She got caught at the border and ordered deported. Prior to that, more relaxed security had allowed many immigrants to come and go across the border with fewer stops. Even those who were caught, were often turned back without an actual deportation order.

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How We Reported on the Northwest Detention Center

"Center of Detention" reflects reporting conducted in parts of 2010, 2011 and 2012 during a first-of-its kind reporting partnership for The News Tribune with an independent journalism nonprofit.

TNT reporter Lewis Kamb teamed with reporter Carol Smith of Seattle-based InvestigateWest, to interview more than 75 people, attend various hearings and review more than 20,000 pages of records. TNT photographer Dean Koepfler chronicled some of the interviews and other events to capture the special report's visual elements.

Sources for the stories included various undocumented immigrants and their family members; private and government attorneys; city and county police officials; city fire officials; county jail officials; municipal bond experts; various city, county, state and federal government officials; academics and activists.

The reporters conducted interviews of some immigrants while they were in local or federal custody. When needed, reporters used the services of a volunteer Spanish-language interpreter.

Records obtained and reviewed include paper documents, audio files and video records. Such records, if not otherwise publicly available, were obtained directly from private individuals or in response to state and federal public records requests.

Read the Documents

 

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Fifteen Minutes in Immigration Court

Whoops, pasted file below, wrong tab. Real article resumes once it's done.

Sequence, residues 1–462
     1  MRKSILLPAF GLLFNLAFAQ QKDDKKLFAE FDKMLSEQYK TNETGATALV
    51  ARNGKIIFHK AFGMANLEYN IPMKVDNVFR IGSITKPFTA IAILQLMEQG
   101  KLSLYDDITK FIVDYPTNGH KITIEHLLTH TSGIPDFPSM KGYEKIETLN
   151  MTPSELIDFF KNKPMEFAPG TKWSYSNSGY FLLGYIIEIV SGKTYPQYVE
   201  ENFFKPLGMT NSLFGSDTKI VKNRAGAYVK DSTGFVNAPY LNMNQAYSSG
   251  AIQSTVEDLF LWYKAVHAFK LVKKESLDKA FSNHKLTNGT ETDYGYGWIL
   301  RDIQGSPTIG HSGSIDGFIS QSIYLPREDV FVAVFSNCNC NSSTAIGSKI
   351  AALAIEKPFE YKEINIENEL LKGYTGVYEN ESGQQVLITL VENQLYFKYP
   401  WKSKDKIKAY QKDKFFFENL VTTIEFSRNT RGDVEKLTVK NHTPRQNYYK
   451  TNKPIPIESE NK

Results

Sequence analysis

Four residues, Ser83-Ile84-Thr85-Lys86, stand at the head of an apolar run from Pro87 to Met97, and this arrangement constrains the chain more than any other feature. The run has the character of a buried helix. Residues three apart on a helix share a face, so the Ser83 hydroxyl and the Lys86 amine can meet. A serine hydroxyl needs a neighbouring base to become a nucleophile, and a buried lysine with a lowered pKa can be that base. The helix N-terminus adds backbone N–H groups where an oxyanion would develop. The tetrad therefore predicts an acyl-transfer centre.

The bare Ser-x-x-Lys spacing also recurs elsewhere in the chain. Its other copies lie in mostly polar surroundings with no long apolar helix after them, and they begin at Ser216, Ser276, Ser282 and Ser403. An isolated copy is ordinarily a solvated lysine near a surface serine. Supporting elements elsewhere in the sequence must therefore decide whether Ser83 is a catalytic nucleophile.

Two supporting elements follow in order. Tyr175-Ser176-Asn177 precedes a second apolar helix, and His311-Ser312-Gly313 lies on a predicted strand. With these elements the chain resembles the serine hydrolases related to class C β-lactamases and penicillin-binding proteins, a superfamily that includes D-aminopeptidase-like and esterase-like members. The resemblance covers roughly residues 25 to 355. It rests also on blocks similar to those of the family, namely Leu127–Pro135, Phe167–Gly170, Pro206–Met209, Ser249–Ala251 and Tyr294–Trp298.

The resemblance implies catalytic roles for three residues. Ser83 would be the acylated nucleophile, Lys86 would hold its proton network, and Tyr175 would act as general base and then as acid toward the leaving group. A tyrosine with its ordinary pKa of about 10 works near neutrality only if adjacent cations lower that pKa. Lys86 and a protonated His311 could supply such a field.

Portraits of President Barack Obama and Attorney General Eric Holder hang in a waiting room where families of illegal immigrants wait as their loved ones attend hearings in two immigration courtrooms.
Dean J. Koepfler/The News Tribune

A narrow passageway separates the interior of the sprawling Northwest Detention Center in Tacoma from a trio of small federal courtrooms where the fate of the majority of men and women in the center will be decided. It is a courtroom of first appearances and, for many, last hopes.

The hallway, just off the one they call the “gray mile,” is short by design. It expedites getting people from detention into the court system that, while sagging under sheer numbers of cases, is still set up to speed them out of the country.

Speed matters from a cost-saving standpoint: Immigrants are detained at taxpayer expense.

The Tacoma court, operated by the U.S. Dept. of Justice’s Executive Office of Immigration Review, is one of 59 immigration courts nationwide that are handling record numbers of deportation cases. It has two full-time judges and last year handled a total of 11,249 hearings. Many detainees have multiple hearings before they are ordered deported, released on bond, or their cases dismissed.